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About Dan850

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    Senior Member


  • What I do for a living:
    casual spectator
  1. I was 19 started a new job a week before with an electrician and brought my filled out and stuffed tool box home do do some work at home for my parents. Monday morning. Gone from the car. New boss was a class act and sent me to the supply house to get pocket tools on his account. Pay me back when you can. A life time later as a detective I locked up a security guard from the Brooklyn tow pound who got caught glomming a plumbers van. It felt real nice getting a search warrant and reuniting the tools from the jerks attic with the plumber. The Saudis do at least one thing right IMHO.
  2. Shoot the oil leak with some gunk ( brand name) engine cleaner and keep an eye on it to see if its something to address. Good luck with the new sand sled.
  3. Beware those plastic GPS pallets. Was talking to a soft drink distributor recently and he was telling me the company came by and told him how many he had laying around and they wanted them back. As an aside, The really scary part with those things is that when you buy a skid of brand x from a wholesaler and deliver to your customer the wholesaler has your customer list. Big brother in action
  4. Out there yesterday (Mon) and it was lonely before the bait showed. After, it got busy, I was watching the guy next to me, I was casting straight out, he kept walking out further and crossing my line, that not being the nice thing for him to do, we got tangled once. The guy knew how to fish but then after a bit he moved down in between to other guys when the fish moved (they were surfing in the rain ) . Where he moved was really tight, I wouldn't have moved in there, but that's just me. The guys on both sides were staring at him like he had on pink waders and hi heeled corkers or something. After a seal showed up, it slowed down and was time for me to head home and the guy stopped as I was walking to the lot and asked if I landed my last fish on and we chatted a few. As he drove off I saw he was from out of state. I was thinking about the hype about out there and how guaranteed 30# are all to be had by tying your car keys to a line (using a loop knot of course) and what pressure that must put on somebody that has to pack his expectations into such a short period of time. Course he could have been a millionaire and had a place just down the road too... But it's gotta be tough putting that effort into a trip that doesn't live up to your expectations. Me, I'll be back Wed. AND Sat.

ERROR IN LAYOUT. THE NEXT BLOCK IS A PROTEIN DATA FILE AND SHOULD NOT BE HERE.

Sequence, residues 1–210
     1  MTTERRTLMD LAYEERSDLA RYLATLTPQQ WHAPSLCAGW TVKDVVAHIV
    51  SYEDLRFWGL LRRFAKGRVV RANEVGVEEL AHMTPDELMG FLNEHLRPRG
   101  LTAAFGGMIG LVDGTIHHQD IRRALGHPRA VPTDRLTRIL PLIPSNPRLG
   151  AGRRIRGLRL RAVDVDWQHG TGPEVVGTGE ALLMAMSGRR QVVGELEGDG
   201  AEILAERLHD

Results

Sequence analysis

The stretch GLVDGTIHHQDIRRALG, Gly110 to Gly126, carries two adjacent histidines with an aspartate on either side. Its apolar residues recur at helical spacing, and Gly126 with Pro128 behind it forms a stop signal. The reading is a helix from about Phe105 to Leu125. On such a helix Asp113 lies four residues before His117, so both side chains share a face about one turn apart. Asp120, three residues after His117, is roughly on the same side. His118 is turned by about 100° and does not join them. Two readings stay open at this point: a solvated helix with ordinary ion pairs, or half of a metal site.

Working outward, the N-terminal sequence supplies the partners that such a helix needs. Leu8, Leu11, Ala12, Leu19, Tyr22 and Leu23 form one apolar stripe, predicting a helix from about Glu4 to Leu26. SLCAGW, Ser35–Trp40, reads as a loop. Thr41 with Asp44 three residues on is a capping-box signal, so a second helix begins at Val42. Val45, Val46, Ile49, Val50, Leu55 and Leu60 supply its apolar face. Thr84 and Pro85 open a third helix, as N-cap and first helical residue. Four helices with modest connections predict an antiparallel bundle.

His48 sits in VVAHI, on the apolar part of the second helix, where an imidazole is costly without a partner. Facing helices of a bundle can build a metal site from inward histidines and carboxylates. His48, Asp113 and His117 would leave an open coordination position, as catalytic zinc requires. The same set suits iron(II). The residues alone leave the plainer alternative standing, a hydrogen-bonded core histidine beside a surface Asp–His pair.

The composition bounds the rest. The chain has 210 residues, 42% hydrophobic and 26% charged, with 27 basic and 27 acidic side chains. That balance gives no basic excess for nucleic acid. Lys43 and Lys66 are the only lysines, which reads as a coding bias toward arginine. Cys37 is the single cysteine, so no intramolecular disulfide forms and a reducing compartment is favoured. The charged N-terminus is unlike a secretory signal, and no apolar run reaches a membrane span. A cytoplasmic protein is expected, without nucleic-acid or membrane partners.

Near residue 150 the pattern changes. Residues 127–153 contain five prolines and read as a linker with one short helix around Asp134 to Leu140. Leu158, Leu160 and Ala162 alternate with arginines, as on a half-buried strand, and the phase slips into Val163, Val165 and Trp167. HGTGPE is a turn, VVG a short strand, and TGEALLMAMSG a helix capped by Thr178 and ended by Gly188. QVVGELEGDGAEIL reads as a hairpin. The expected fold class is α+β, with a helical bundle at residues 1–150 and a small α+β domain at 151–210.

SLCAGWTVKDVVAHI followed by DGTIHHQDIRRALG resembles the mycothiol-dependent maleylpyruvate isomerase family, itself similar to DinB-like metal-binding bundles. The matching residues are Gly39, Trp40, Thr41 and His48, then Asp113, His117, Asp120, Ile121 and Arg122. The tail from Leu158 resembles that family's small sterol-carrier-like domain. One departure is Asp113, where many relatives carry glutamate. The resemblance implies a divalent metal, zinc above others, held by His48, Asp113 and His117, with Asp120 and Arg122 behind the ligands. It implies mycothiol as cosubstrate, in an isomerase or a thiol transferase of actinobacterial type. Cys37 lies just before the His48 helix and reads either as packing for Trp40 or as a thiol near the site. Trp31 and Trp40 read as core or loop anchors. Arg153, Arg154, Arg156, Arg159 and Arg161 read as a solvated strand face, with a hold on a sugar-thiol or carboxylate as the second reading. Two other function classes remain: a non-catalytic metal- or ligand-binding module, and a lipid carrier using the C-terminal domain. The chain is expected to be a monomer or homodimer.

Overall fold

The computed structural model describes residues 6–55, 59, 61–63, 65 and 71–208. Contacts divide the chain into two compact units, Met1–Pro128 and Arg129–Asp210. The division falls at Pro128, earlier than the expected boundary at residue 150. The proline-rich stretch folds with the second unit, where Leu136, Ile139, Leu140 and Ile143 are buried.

5. My wife shovels. I make hot chocolate for her when she comes in. I love that woman.
  6. IMHO, this is so not a good idea. In another life i worked for a contractor and we did roofing as part of the jobs. If you have a mess, it needs to come off. If you're worried about fall protection, it's probably steeper than what is comfortable and sticking to a steep roof takes way more energy. Add in a valley for fun and giggles, that's where most of the problems are going to happen, and it could be a real disaster. I do admire the DIY thing though. I'd recommend finding the leak, taking back one or two layers, covering it with weathershield and patching a layer of shingles over to sort of get you out of trouble for now. Just the mess of multiple roofs scraped onto the ground is enough to scare me into finding some hired help. Good luck with the project.
  7. I'm not sure just how strictly they enforce the 5500 lbs, but I'd have it in the contract for passenger plates or get your deposit back. I do know from prior experience with DMV here in the vampire state, that if it was ever registered commercial, even by a prior owner, it stays commercial. Then to add insult to injury if it goes into NYC without lettering with the owners name, address etc. it's a parking summons. Meter maids are not my favorite people. BTW good luck with the new truck.